Chess Kings is a nonprofit organization based in Chicago, Illinois that aims to create quality chess programs. We want to help everyone improve their chess playing ability. We understand the importance helping schools and parents save money and resources. Studies show playing chess leads to higher scores on IQ tests and standardized tests. Our nonprofit has an educational mission and we seek to offer competitive programs at affordable prices. We offer after school programs, online lectures, and summer camps.
Chess Kings works with teachers who have experience working with kids and experience as competitive chess players. We make having fun our top priority and recognize that this more than anything will lead to improvement over time. Our activities are interactive and work the patterns into your brain. Most importantly, our beginner lessons plans build the foundation for more advanced study.
Ben Rothschild founded the nonprofit organization Chess Kings to teach chess in schools. After working for several chess companies, doing two years of freelance work, and teaching dozens of private students, he decided to found a nonprofit organization to focus on the game’s community building mission. He developed his own curriculum for elementary and middle schools with his book, The Real Beginner’s Guide to Chess. The book takes a different approach by teaching pattern recognition and “hanging” piece puzzles as building the foundation for the future study of tactics. This method aims to expedite the 600-800 USCF learning process where it takes the student several hours (with the book) to learn what they might otherwise have had to learn by playing through a hundred games in the period of several months.
Ben Rothschild obtained the expert title at age 16, earning him the ranking of 17th in the nation for his age group in April 2007. His high school team placed first in the state chess competition in 2006 and was seeded first the next two years in a row at state, consistently scoring in the top four in state competition during his junior and senior years. He received the Larry Stilwell Award in 2006 for his playing ability, coaching skills, and leadership. This award was only given to one student each year in the state of Illinois. In 2008, his high school team placed third at the high school nationals competition. In 2013, Rothschild tied with another individual for first place the Chicago Open Under 2100 division. With a rating of 2106, Rothschild can play chess blindfold and calculate several moves ahead.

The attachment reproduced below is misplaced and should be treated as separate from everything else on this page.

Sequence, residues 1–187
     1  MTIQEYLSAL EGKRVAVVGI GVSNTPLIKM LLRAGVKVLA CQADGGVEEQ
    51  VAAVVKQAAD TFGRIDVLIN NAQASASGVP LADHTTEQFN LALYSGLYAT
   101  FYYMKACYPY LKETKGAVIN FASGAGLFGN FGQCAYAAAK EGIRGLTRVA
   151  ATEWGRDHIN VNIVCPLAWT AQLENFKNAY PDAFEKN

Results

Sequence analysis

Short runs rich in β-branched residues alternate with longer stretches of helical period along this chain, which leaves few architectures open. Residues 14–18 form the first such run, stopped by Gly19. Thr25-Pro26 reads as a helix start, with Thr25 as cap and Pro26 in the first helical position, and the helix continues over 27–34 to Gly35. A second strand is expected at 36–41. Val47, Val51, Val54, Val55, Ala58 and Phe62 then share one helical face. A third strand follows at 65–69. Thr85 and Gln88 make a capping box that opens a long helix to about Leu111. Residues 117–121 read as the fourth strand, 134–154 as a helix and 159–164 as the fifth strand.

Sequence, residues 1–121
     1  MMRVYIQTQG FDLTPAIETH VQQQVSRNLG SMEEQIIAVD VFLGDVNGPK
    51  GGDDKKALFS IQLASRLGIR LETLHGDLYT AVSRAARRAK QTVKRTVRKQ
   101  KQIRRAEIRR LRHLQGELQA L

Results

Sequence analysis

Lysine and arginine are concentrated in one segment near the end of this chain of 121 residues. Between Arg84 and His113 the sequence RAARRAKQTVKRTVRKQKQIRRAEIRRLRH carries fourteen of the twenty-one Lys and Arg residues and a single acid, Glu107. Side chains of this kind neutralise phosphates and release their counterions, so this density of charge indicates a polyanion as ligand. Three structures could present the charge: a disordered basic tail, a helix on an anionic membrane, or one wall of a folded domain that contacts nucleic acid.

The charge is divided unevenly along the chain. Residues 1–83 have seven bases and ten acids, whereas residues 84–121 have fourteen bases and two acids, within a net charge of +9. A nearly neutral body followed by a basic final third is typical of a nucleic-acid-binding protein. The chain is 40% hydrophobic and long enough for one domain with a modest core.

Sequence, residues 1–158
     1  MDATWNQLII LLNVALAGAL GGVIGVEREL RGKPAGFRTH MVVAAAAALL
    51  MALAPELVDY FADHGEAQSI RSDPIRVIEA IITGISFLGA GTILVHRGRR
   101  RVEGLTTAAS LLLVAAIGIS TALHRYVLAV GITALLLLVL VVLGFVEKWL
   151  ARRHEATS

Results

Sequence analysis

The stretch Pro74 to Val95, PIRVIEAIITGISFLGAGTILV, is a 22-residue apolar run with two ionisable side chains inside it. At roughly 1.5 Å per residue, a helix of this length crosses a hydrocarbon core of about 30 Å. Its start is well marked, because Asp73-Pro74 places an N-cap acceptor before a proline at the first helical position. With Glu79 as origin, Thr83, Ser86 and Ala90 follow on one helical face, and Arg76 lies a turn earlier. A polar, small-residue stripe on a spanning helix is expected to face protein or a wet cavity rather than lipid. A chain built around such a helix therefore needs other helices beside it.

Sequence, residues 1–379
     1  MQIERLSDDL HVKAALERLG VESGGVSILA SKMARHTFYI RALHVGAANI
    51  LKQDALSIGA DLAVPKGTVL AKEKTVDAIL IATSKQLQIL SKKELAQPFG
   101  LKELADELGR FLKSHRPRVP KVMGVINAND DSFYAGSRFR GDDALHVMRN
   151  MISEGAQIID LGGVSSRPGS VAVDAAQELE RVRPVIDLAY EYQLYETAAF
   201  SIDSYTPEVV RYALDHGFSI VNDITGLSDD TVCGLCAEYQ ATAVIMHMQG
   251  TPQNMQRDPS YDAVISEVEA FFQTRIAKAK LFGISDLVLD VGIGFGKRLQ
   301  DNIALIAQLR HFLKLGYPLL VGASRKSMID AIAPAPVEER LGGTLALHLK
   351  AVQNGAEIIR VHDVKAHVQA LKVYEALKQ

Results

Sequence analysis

Niles North’s chess program has consistently brought forth players that have made the top 100 lists in the country. Numerous experts and Class A players emerged from the Niles North chess program. The school’s success has a lot to do with their teaching philosophy, which is to make sure that if the players are having fun, they will become inspired to study the material and improve on their own. Niles North’s Director of Student Activities called the chess program the “most dominant and successful program of any kind this entire school district has.” After winning their third state title in 2012, the Mayor of Skokie proclaimed May 7th, “Niles North Chess Team Day.” The Illinois General Assembly passed resolutions congratulating Niles North on their championship wins. The high school was recently featured in the documentary by Rick Rysso called Chess State.
In high school, Ben Rothschild was a Illinois Chess Association Warren Scholar, a program that honors chess players for reaching the top echelons of play nationally. He has coached hundreds of students and consistently helped them reach 1200 to 1600 USCF. He defeated chess masters in tournaments as a high school student. His games were featured in the Illinois Chess Bulletin. Rothschild was quoted in the recent book called Players and Pawns: How Chess Builds Community and Culture by University of Chicago sociologist Gary Alan Fine. Using teaching techniques he developed from coaching in his high school years, Rothschild developed the curriculum for Chess Kings to help students improve. Many young people who play competitive chess go on to become doctors, lawyers, and scientists while using thinking techniques developed through the game.
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